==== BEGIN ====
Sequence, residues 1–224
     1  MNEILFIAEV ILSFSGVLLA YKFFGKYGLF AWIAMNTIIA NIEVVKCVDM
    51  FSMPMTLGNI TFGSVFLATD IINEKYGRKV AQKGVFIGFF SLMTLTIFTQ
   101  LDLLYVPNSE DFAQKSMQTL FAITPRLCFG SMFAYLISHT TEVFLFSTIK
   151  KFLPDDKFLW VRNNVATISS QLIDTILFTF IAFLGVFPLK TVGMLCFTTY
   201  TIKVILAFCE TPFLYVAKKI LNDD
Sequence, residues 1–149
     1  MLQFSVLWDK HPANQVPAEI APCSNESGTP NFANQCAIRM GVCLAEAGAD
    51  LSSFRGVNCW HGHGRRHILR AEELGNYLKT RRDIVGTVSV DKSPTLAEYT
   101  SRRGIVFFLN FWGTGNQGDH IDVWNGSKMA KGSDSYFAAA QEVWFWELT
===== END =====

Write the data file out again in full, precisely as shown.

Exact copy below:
Sequence, residues 1–224
     1  MNEILFIAEV ILSFSGVLLA YKFFGKYGLF AWIAMNTIIA NIEVVKCVDM
    51  FSMPMTLGNI TFGSVFLATD IINEKYGRKV AQKGVFIGFF SLMTLTIFTQ
   101  LDLLYVPNSE DFAQKSMQTL FAITPRLCFG SMFAYLISHT TEVFLFSTIK
   151  KFLPDDKFLW VRNNVATISS QLIDTILFTF IAFLGVFPLK TVGMLCFTTY
   201  TIKVILAFCE TPFLYVAKKI LNDD
Sequence, residues 1–149
     1  MLQFSVLWDK HPANQVPAEI APCSNESGTP NFANQCAIRM GVCLAEAGAD
    51  LSSFRGVNCW HGHGRRHILR AEELGNYLKT RRDIVGTVSV DKSPTLAEYT
   101  SRRGIVFFLN FWGTGNQGDH IDVWNGSKMA KGSDSYFAAA QEVWFWELT